State Flag Re-Design, Act II
Unofficial South Carolina state flags flap in the wind across the Palmetto State. But a proposal for an official flag has caused a flap of its own.
The state flag has not been official since 1940 (it's a long story), and a panel of historians has been tasked by the General Assembly to correct that oversight. Scott Malyerck of Newberry noticed that several different flag designs were flown at various state buildings. They all contained the familiar white crescent and palmetto tree on a blue field, but because the flags were made at different times by different manufacturers, the palmetto trees varied quite a bit.
"If you went to the State House today and you looked up at the dome, there's one version flying there," said Malyerck. "If you go to the governor's office or the House chambers or the Senate chambers, there's another version of the flag. And there's one or two other versions that fly over government buildings."
The saying goes "if you see something, say something." Malyerck did, and soon found himself on a committee appointed by the legislature to submit a design for an official, standardized flag. The committee turned in its proposal last March, but COVID and other more pressing issues have delayed consideration of the proposal.
Recently, however, the proposed design was published online and an opinion poll was conducted by the Post and Courier in Charleston. The response was swift and overwhelmingly negative. People didn't like the tree the committee used, even though it was a design with historic weight. "The public didn't have a problem with the idea that we need a uniform flag or with the color or the crescent. Their issue was with the tree itself," said Malyerck. Some called it a "Charlie Brown tree" or said it looked like it had weathered a few hurricanes.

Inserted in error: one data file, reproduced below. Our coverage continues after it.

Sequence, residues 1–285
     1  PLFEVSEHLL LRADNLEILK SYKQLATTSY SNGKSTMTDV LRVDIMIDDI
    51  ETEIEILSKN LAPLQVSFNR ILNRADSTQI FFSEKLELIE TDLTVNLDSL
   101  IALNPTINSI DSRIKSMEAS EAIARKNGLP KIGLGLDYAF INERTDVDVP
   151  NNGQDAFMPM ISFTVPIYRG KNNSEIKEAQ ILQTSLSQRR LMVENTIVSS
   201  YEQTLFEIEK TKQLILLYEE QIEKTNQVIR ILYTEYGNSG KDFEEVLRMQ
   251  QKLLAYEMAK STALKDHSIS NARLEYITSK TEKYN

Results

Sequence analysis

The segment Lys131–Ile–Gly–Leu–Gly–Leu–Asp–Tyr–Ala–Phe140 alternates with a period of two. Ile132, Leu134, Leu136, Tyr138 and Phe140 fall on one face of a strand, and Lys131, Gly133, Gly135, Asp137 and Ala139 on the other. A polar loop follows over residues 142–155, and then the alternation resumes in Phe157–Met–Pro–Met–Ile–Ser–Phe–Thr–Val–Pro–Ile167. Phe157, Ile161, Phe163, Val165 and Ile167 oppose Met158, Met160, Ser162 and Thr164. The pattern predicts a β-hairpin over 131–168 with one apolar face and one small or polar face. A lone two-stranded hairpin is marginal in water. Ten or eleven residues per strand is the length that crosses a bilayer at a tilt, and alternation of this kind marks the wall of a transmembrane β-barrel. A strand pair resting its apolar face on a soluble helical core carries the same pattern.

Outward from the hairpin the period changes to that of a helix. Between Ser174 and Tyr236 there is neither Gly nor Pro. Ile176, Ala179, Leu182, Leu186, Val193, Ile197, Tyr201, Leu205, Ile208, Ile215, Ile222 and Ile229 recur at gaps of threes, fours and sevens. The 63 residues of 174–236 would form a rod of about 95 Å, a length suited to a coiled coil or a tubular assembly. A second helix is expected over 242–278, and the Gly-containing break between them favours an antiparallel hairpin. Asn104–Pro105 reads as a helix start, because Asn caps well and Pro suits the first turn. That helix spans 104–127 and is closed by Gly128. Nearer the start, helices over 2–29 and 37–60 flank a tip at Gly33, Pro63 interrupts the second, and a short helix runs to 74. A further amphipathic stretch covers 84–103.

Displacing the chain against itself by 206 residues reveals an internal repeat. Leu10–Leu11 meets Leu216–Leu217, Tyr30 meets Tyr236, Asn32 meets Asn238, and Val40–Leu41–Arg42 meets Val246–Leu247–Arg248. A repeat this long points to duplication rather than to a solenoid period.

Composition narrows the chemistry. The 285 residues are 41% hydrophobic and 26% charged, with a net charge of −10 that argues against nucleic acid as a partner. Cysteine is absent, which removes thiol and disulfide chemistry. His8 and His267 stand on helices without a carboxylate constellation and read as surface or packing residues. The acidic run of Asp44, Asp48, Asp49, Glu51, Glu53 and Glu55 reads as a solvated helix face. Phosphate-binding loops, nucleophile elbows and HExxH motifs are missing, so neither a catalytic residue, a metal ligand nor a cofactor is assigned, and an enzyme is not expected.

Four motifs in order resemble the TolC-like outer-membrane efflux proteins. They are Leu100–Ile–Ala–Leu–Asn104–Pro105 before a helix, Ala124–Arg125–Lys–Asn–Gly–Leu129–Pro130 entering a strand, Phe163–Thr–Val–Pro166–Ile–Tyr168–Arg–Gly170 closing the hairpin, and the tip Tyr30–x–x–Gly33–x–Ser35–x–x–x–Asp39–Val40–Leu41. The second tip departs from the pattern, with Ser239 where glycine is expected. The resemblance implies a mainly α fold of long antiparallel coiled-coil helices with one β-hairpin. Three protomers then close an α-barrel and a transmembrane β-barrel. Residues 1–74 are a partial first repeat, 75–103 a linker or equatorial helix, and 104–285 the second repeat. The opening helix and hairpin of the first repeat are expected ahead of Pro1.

State Department of Archives and History Director Eric Emerson, who chairs the committee, was not all that shocked by the negative reaction. "I anticipated that we could very well be in the place where we are right now," he said. "But that's fine. I don't mind going back to the drawing board, but I do want to get it right, and I think the members of the committee want to get it right, and that's what we're looking forward to."
Malyerck also expected some difference of opinion because, historic as the proposed tree design was, it was not as pretty as people were used to. "Beauty's in the eye of the beholder, and everybody has an opinion. So I knew there would be different opinions on it, and I knew once we offered up a design that there'd be commentary on it. I was pleasantly surprised that people actually care." Malyerck said he and the committee want an attractive flag, but also one with elements based in the state's history.
The committee was disbanded when it turned in its proposal in March, but will re-constitute itself when asked by the General Assembly. Emerson said it will be ready with alternative suggestions. "There are certainly historic palmettos that look more like the palmettos people are used to seeing, they're just not as historic. But people want to see something akin to something they're used to seeing. And we can do that, and we will do that."
The historian said Archives and History has identified three tree designs that are historic that he thinks will appeal to viewers, and that the committee should be able to come up with an alternate design as soon as the legislature requests it.
Both men hope the project can be done before the end of the legislative session in June, so that soon all flags flying on state property will be uniform and, after 81 years, official.